Hoppe's No. 9 is a solvent used for cleaning gun bores. Lead, old powder, and other flotsam falls prey to the power of this kerosene-based cleaner which–to my eye–leaves very little residue. Using a skewer, I placed a few drops of this cleaner in the offending segment. I let it do its work and then came back to clean up what was left…

Corona Sterling #2A 50886

The work on this Corona Sterling Speedline began a while ago; nearly a year as as the original post (http://www.magicmargin.net/2012/04/another-restoration.html) would have it.
This burgundy beauty has been a challenge. The segments were filled with crud and I was able to get the stuff out with carburetor cleaner. I thought everything was fine, but every time I left it overnight the segments would freeze up again. PB blaster didn't help and I got the sinking suspicion that someone previously tried to unfreeze the segments with oil. The oil worked its way deep into the segment block and just would ooze out after I thought I cleaned it out. I eventually got tired of trying and decided to put the machine away and try again at another date.
Days turned into weeks. Weeks turned into months. Typewriters came and went and I didn't get to this one. It wasn't until I started the restoration work–and subsequently was delayed–on the Underwood (see http://www.magicmargin.net/2013/01/…

Typewriter Restoration: It's a Messy Business Pt. 3

The plan was to be farther along with this restoration, but I think I heard a saying about the best laid plans...
I came away from this exploratory surgery with a fairly good idea of what was causing the wayward keytops. Unfortunately, the solution wasn't the button I found deep in the bowels of the typewriter. That would have been too easy.

It was something far more interesting; a pivot point.

The keytop arms of this particular typewriter are very long. The extend all the way into the back of the frame where they pivot. I think this is something well-known to Underwoods. Each bar has a small tab of metal that engages with a comb/pivot plane. An extended "Z" bar-like piece covers these tabs and the pivot comb allowing the arms to stay in place, but also move freely. Small springs add some push to the tops and keep everything aligned. In the picture below, I have removed the retaining bar for ease of viewing.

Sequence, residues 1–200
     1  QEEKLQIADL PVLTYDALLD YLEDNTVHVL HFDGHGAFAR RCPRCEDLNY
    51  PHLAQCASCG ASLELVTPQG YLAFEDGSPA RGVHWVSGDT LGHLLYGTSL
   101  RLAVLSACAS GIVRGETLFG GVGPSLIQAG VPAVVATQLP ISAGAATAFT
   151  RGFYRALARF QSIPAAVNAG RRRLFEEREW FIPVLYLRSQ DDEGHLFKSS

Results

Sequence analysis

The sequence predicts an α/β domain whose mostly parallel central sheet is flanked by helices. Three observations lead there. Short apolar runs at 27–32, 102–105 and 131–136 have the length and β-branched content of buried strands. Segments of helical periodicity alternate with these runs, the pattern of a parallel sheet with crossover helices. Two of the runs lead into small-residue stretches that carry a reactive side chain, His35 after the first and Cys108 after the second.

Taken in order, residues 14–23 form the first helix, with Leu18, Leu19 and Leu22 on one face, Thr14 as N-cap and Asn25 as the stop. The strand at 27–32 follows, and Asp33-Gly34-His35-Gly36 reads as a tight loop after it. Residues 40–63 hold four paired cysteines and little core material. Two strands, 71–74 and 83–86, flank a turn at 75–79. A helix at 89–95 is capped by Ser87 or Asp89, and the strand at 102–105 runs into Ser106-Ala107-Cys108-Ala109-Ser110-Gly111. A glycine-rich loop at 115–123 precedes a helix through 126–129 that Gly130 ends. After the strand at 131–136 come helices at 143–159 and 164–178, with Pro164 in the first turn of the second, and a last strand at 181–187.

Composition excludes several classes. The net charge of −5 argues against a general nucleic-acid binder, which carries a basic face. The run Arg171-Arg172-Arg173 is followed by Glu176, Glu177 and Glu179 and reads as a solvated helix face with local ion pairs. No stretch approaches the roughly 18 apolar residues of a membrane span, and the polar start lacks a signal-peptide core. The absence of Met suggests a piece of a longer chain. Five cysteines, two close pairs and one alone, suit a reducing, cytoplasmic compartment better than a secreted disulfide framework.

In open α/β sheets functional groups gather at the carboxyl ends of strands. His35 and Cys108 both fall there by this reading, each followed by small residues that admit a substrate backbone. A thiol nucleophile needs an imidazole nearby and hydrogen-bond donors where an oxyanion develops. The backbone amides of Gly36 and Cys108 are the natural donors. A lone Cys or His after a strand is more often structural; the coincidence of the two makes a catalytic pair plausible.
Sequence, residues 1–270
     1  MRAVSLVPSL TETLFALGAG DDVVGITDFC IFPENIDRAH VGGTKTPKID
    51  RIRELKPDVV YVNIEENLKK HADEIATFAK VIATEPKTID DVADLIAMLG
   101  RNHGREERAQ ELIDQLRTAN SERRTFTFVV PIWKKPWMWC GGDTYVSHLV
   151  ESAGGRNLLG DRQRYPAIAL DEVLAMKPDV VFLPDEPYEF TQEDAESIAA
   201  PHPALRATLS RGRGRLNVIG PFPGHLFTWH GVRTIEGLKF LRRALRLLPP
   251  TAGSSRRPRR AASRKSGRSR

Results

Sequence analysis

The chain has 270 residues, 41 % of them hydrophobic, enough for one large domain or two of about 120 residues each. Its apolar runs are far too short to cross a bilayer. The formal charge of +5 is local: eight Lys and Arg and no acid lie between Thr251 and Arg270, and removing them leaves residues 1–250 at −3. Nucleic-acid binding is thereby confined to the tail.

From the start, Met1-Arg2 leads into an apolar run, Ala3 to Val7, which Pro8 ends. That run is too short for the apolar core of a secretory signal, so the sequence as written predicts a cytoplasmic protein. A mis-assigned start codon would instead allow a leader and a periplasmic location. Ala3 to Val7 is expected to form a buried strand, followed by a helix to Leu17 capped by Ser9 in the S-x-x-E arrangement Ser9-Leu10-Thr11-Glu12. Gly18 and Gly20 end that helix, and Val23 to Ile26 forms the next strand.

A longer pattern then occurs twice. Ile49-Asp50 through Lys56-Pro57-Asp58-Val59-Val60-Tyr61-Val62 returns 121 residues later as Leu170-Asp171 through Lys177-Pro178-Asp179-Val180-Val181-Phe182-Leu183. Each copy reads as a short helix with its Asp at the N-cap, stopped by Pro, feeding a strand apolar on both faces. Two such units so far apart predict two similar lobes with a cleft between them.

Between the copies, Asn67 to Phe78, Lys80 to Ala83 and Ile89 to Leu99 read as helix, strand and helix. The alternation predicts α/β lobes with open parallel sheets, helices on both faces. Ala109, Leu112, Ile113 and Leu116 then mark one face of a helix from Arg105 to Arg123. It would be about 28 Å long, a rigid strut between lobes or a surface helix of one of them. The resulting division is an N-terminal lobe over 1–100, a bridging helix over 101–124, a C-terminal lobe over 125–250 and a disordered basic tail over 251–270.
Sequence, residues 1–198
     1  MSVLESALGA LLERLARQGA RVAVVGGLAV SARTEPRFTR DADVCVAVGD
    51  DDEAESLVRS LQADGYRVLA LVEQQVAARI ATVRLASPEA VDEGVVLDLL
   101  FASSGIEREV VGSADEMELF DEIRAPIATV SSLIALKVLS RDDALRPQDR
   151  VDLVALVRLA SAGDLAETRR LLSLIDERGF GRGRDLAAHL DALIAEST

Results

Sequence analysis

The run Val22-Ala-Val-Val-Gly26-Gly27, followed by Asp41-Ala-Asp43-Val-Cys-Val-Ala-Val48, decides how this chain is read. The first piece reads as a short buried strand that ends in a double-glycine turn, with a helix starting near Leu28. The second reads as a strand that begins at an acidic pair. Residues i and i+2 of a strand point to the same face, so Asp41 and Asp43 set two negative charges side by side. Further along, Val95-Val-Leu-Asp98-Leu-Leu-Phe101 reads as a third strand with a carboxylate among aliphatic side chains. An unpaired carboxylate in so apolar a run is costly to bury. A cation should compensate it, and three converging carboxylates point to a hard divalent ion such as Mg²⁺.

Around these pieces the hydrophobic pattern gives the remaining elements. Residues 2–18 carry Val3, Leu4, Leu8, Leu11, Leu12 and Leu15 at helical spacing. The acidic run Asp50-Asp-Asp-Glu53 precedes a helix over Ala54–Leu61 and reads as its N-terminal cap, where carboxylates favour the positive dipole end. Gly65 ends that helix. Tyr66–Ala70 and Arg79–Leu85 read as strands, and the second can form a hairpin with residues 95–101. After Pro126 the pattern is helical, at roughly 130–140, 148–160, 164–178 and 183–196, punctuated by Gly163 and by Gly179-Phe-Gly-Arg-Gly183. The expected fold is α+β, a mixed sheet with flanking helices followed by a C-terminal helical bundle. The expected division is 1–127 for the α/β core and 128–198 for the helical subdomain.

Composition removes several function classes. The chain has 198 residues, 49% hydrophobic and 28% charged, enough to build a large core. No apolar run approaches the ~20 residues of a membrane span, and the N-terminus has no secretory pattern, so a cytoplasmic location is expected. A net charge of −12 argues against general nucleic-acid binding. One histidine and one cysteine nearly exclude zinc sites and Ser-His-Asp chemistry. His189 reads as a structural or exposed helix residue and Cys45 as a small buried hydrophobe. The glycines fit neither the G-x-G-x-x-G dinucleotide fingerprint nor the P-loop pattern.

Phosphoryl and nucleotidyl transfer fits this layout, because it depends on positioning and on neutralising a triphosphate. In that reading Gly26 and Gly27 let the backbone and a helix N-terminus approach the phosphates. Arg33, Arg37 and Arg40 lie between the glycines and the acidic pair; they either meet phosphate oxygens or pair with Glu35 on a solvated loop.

On this typer, several of the arms had worked their way out o…

Typewriter Restoration: It's a Messy Business Pt. 2

This is the second part of a multi-part post about the restoration of an Underwood Universal.
The last time I wrote about this Underwood I felt like it might just be an easy job. I could clean it and be on my way, but the typewriter gods do not look favorably on my enterprise. After looking a little closer I noticed that something was very much amiss with the 3/4 and slash key. You can see the problem below:

I don't know what happened but the entire coordinating linkage is not here. As you can see from this picture it causes the keytop to be "out of alignment" with the other keys. By "out of alignment" I mean completely akimbo. Moreover, the spring is missing on this lever. I have some spares and that will be a fun repair.


In addition to the dodgy 3/4 and slash key, the 'B' is in a similar state, but not nearly as extreme as the former. This linkage is missing a spring as well. We'll get into that repair very soon.


The rubber feet are missing. This …

Restoration: It's a Messy Business Pt. 1

Restoration is one of the fun things about collecting typewriters. You can take something that is a little rough and make it shine. I recently obtained an Underwood Universal and while it looks like it's in descent shape, I think it can look a little better.
In a series of posts I am going to take you step-by-step through the restoration process that I use to make this typewriter look awesome.
Let's start by looking at this particular Underwood Universal:











Part of the challenge for this restoration is the decal touch-up. I have a few new techniques I am going to try. I look forward to sharing all my tips and secrets with everyone in the Typosphere.
Next: Evaluation